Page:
What is EU citizenship?

EU citizenship was introduced by the Treaty of Maastricht of 1992, when borders were opening and the bloc was integrating economically after the end of the Cold War. 

Under the treaty, every person holding the nationality of an EU member state is a citizen of the Union. EU citizenship is additional and does not replace nationality, the treaty specifies. But this creates the first form of a transnational citizenship that grants rights across borders.

EU citizens have the right to access each other’s territory, job market and services under the principle of non-discrimination. If they are economically active, they have the right to reside in other EU states and be joined by family members, access healthcare at the same conditions of nationals (for emergency treatment also when travelling temporarily), obtain social security benefits and see their professional qualifications recognised.

Beyond free movement, at the core of EU citizenship there are also political rights, such as participating in the European Parliament election, voting and standing as candidates in municipal elections when living in other EU countries, receiving consular protection from other EU states outside the EU, and taking part in European Citizens’ Initiatives asking to the EU to legislate on certain matters. 

Which EU citizenship rights have Britons lost with Brexit? 

For British citizens who were living in the EU before Brexit, the Withdrawal Agreement protects some of these rights. Britons covered by deal have their residence, access to work and education, healthcare, social security and qualifications secured, but only in the country where they were living before Brexit.

But the right to free movement in other EU states, consular protection in third countries, and the political rights attached to EU citizenship were lost, the Court confirmed. 

For British citizens in the UK, the trade and cooperation agreement has preserved some social security rights and, in theory, the possibility to have professional qualifications recognized when moving to an EU country. These provisions however lack details and may take a long time before they work in practice.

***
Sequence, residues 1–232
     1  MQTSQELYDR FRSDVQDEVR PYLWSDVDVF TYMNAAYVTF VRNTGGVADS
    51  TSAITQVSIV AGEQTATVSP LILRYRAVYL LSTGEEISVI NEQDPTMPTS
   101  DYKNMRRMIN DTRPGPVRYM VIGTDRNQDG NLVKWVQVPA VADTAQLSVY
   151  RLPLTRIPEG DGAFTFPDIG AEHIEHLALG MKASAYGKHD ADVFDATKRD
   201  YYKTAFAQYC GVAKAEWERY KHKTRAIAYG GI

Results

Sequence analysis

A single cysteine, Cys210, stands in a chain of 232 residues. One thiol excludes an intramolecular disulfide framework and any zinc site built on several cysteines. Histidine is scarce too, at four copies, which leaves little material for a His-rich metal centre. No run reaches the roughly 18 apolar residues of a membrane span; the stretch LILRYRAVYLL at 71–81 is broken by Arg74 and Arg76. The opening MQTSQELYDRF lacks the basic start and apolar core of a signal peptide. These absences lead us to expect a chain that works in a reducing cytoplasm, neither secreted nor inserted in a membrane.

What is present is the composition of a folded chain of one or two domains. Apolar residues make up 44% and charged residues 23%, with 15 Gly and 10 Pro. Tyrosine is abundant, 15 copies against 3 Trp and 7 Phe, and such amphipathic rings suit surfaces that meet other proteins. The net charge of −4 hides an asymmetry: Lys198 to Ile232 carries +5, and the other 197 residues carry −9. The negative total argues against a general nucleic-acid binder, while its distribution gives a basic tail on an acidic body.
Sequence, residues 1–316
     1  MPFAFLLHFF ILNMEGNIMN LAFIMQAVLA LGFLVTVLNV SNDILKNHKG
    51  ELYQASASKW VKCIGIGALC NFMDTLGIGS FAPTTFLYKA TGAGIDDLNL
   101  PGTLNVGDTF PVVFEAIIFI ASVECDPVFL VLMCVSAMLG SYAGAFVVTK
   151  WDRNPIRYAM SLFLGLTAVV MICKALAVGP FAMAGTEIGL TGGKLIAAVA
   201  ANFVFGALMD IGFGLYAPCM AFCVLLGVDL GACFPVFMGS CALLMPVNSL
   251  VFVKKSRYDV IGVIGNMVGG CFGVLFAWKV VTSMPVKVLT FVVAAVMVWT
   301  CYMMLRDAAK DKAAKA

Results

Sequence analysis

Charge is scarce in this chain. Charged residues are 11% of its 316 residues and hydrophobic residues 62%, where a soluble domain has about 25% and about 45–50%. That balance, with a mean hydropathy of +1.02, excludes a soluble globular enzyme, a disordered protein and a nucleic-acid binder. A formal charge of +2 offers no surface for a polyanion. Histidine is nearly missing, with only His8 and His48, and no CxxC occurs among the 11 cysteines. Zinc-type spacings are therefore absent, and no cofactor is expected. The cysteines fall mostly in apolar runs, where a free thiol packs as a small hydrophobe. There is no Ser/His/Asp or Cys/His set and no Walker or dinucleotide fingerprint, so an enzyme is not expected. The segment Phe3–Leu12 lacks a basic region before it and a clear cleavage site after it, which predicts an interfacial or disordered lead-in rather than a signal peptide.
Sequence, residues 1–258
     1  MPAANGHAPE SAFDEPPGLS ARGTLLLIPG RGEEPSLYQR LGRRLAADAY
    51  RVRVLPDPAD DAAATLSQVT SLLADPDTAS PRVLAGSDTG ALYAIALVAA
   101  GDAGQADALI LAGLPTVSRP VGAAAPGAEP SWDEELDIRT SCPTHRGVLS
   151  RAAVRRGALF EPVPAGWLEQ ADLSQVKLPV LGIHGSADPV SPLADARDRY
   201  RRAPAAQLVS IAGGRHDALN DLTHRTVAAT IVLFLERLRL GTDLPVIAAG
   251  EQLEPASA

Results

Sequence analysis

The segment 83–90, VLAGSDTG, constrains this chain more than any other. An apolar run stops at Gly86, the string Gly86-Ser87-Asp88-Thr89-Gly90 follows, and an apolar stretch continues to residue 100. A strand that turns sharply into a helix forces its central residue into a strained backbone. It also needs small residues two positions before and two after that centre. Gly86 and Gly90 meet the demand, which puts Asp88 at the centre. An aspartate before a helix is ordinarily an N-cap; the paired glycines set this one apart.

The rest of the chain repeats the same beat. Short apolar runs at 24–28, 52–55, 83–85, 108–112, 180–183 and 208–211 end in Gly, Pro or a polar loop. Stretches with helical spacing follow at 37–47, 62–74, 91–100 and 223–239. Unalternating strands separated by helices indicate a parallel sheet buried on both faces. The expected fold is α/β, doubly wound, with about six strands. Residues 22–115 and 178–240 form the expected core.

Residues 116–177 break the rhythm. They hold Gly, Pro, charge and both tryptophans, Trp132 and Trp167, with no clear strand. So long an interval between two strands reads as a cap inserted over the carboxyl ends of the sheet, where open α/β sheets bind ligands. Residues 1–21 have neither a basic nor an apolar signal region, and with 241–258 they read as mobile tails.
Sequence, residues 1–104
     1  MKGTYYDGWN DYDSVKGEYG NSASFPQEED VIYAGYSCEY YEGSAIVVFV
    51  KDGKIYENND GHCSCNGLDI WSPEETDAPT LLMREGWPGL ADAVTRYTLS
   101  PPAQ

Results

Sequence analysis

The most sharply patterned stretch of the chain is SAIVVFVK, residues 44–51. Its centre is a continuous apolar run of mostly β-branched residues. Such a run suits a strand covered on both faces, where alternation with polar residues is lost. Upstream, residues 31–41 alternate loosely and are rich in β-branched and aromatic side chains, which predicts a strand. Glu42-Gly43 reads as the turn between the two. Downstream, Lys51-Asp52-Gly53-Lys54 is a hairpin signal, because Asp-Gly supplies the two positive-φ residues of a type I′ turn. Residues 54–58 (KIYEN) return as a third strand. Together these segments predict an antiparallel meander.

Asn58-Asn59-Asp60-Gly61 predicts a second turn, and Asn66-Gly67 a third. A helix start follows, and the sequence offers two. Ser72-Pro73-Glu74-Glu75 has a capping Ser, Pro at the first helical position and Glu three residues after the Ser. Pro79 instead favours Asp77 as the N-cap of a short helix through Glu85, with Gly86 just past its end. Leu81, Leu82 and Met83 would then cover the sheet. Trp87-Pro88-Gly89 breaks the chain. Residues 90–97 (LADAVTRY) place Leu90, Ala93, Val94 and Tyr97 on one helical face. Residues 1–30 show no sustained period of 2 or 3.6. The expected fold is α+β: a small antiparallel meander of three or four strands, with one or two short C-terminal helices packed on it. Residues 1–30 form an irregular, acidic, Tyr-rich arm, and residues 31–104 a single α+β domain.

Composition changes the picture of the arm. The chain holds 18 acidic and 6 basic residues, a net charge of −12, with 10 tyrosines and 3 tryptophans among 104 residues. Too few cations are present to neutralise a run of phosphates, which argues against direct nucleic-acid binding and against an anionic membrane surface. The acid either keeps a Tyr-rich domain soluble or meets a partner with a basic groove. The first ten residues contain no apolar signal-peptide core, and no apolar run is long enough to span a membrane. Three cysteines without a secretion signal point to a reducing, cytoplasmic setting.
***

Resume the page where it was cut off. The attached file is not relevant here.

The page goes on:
As the “European Union” no longer features on British passports, the possibility to access EU lanes at airports to skip passport control queues has also vanished. 

“The loss of those treasured rights has been clear to those of us living in the EU from the early days of Brexit. But for Brits in the UK, the realities of life outside the EU, and the consequences of Brexit, are only just dawning. Long queues at the borders, roaming charges, obstacles to working abroad, etc. are the new reality,” said Sue Wilson, Chair of the group Remain in Spain. 

While she said the court’s decision was “no real surprise,” she argued that “this is not the Brexit the public were promised, or that the majority voted for.”

Can British citizens get some of these rights back?

Julien Fouchet was disappointed at the Court decision and promised to continue the legal fight, bringing the case at the European Court of Human Rights (which is not an EU institution). 

Other two cases on the matter of EU citizenship for British nationals are still pending at the Court of Justice of the EU. One of them aims to determine whether EU citizenship is a “fundamental status” that cannot be removed but Thursday’s decision could have already provided the answer.

Another option to reconsider some of the rights is the renegotiation of EU-UK trade agreement, when it will be reviewed in 2025. 

Meanwhile, the EU is revising the rules for non-EU citizens living in EU countries on a long-term basis, making it easier to move across borders. 

Applying for citizenship is so far the only option to regain voting rights, although not all EU countries allow dual nationality. 

Sue Wilson, who has long campaigned for the UK to stay in the EU, said: “There is only one way to restore the loss of our rights, and that’s to rejoin the single market, rejoin the customs union, and eventually, rejoin the European Union… Until that day, we will continue to be second class citizens whose rights have been diminished for the sake of an ideology.”